Series 10


(Scripture Portions: Acts 6: 1-7; 8: 1-40; 21:8)

The title of this study suggests a very healthy combination. Philip was a deacon (Acts 6:1-7) and he was an evangelist (Acts 8:1-40) – indeed, he is referred to by the Holy Spirit as “the evangelist” (Acts 21:8). Now, of course, it does not fall to the lot of every believer to hold “office” or to fill a position of leadership in the Church, but every Christian may be and should be an evangelist. Philip was an evangelist. His business was telling others of Jesus and leading others to Him, and that should be your business and mine, for being an evangelist or a preacher is not a “professional” matter. Evangelism is not a profession, it is a passion. There was nothing professional about Philip; he was a layman. How indebted the Church in every age has been to the laymen, the men and women who engage in all the exacting duties of home, business or profession but whose delight it is to devote their spare time, energies, talents and their very lives to the service of God and of His Church.

In Acts 6:3 we read that the early Church wanted seven men with special qualifications. Philip was elected by the prayerful voting of the Church, and his name appears second in the list (Acts 6:5). Some men are forever hankering after office, position and power, and they can be a great hindrance in any assembly. Other men cannot keep out of office, for their grace and gifts are recognised and the Church needs them. Philip was of this latter type.

Then, in Acts 8 we read of Philip filling the role of an evangelist – first preaching to the crowd in Samaria (Acts 8:5-8), and afterwards preaching to an individual in the desert (Acts 8:26-40). The man with gifts to evangelise the masses will always be ready to speak to the individual soul about Christ. But most of us are not preachers in this larger application of the word; we are “personal evangelists”. Let us look at Philip as he appears before us in Acts 8:26-40, and see in him the pattern of a New Testament evangelist.

1. Philip lived in close touch with his Lord.

Compare Acts 8, verses 26 and 29 – “The angel said…” “The Spirit told…” and Philip heard! God does not shout His instructions and orders. If we would be used by Him we must be living near enough to Him to hear His voice – like Isaiah when he overheard the Trinity in conference (Isaiah 6:8). We must watch our private devotions. To be regular in these is the greatest possible achievement, and the place of easiest failure.

2. Philip was absolutely at God’s disposal.

He was R.F.A. Ready for Anything! Yes, and R.F.N. Ready For Nothing, if that was the Lord’s will for him. Ready to preach to the crowd in Samaria (verse 5), or ready to seek the dark-skinned Eunuch in the desert (verse 30). Ready to be in the public eye, or ready to leave it. He could sing from the heart:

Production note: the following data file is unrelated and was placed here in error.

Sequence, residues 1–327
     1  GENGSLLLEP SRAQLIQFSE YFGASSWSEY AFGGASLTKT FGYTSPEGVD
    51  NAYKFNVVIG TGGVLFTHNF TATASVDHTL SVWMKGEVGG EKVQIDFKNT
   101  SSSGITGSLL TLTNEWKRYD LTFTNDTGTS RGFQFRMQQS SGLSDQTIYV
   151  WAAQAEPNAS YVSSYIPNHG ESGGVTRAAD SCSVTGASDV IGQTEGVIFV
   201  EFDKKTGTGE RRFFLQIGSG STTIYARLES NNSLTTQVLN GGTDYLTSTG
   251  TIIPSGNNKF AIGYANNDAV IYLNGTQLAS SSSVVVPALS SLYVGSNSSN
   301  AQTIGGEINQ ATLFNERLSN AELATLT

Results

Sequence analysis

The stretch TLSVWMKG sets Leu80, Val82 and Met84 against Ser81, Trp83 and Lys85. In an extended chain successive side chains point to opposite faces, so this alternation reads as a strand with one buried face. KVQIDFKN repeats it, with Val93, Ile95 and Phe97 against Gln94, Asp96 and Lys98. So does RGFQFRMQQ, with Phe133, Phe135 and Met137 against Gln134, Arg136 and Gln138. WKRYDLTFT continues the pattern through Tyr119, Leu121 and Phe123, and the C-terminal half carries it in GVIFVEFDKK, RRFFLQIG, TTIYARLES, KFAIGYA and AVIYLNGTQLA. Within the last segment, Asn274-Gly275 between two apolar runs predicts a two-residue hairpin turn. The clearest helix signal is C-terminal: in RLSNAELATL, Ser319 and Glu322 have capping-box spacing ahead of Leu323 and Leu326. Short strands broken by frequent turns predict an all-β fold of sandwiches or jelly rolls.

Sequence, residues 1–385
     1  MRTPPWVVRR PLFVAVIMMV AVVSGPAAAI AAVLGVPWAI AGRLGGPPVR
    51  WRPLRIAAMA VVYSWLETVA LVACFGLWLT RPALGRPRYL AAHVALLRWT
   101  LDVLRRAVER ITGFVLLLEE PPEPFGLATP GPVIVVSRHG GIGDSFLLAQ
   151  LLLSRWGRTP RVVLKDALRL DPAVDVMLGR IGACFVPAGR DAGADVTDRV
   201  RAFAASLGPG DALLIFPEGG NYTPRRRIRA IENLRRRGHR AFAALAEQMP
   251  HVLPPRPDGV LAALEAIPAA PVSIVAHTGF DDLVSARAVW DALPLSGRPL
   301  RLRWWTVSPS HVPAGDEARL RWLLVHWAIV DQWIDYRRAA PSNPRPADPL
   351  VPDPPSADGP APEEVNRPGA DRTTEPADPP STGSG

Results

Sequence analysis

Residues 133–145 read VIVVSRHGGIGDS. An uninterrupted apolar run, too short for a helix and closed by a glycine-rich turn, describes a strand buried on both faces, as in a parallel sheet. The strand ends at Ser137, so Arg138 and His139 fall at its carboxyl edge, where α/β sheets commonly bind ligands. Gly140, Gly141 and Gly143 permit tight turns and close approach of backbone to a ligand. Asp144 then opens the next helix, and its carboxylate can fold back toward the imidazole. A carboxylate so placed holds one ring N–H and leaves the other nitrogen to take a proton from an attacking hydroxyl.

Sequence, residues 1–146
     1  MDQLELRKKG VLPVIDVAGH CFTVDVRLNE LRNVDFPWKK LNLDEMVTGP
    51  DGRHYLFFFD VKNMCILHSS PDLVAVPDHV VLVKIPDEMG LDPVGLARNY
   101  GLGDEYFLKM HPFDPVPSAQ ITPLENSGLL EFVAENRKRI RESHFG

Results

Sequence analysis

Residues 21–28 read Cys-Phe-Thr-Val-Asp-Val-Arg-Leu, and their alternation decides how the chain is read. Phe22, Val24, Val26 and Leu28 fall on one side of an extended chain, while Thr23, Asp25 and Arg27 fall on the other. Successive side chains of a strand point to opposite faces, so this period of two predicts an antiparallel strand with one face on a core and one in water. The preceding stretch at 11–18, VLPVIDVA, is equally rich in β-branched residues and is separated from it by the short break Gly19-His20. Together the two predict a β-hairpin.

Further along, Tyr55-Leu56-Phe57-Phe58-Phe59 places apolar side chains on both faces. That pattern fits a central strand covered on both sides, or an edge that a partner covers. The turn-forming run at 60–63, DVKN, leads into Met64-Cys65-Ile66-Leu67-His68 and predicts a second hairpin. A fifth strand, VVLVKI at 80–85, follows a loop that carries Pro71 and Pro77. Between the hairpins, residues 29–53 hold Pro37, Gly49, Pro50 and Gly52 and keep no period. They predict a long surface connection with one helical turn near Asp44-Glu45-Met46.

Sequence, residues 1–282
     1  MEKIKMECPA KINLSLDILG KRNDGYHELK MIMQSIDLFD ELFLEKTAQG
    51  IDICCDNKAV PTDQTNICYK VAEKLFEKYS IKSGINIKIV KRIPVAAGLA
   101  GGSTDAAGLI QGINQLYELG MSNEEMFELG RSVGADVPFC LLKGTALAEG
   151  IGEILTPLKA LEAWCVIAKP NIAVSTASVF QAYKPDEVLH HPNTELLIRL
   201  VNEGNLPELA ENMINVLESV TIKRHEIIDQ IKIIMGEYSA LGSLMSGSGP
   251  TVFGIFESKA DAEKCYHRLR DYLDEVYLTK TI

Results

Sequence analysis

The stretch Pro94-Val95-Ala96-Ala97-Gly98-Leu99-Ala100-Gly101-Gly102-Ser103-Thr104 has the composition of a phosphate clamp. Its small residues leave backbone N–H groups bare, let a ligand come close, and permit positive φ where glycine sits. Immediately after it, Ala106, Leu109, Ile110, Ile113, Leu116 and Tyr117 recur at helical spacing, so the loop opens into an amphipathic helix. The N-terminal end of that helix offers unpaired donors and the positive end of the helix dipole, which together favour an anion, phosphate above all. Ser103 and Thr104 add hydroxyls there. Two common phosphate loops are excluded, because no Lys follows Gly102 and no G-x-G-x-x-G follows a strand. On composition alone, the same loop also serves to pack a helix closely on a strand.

O, use me, Lord, use even me,
      Just as Thou wilt, and when and where.

Can we say that, sincerely? When General Booth was asked the secret of his success in the Lord’s work he replied, “There came a day when God got all there was of William Booth.”

3. Philip was a man of unquestioning obedience.

Look at verse 26 – “The angel said…Arise”; and in verse 27 – Philip “started out…” Then look at verse 29 – “The Spirit said, Go to that chariot…”; and in verse 30, “Philip ran…” What a perfect illustration of obedience! There was no argument, there were no “ifs” and “buts” – but just, “All right, Lord, if You say so I’ll do it!” He could have offered many excuses…(think of them)…but he did not suggest one. God told him to go to seek the Eunuch, and he sought him, and in the pathway of obedience he won him for his Master (verse 37).

4. Philip knew how to handle the Word of God.

In verses 30-35 we have a beautiful illustration of how to lead a soul to Christ. Dr R. A. Torrey used to mention the four things which every Christian worker should know about the Bible:

  1. He should know how to use the Bible to show others the need of a Saviour.
  2. He should know how to use the Bible to show them that Jesus Christ is just the Saviour they need.
  3. He should know how to use the Bible to show them how to make the Saviour their Saviour.
  4. He should know how to use the Bible to meet all the differences that stand between the enquirer and the Lord.

5. Philip made much of the Lord Jesus.

Look at verses 5 and 35. His one theme was Christ. Philip knew what would happen if he uplifted Him in his preaching – look up John 12:32; and his message was the same, whether he was speaking to the crowd or to one man. God always and only honours the preaching and the testimony that honours His Son – look up John 5:22-23, and compare 1 Corinthians 2:2.

6. Philip was able to overcome discouragement.

This is important for anyone who would launch out into the Lord’s harvest field. We meet with many disappointments when we are working for the Lord, and we need to know how to prevent discouragement. Read Acts 8:9-24 – that was a blow for Philip! But the grace of the Lord is our all-sufficient resource in every time of disappointment and threatened discouragement – look up 2 Corinthians 12:9.

7. Philip was willing to be lost sight of.

We learn this from verse 39 – and look up and compare John 3:30. And the secret of it all? Philip was a man “full of the Holy Spirit” (Acts 6:3).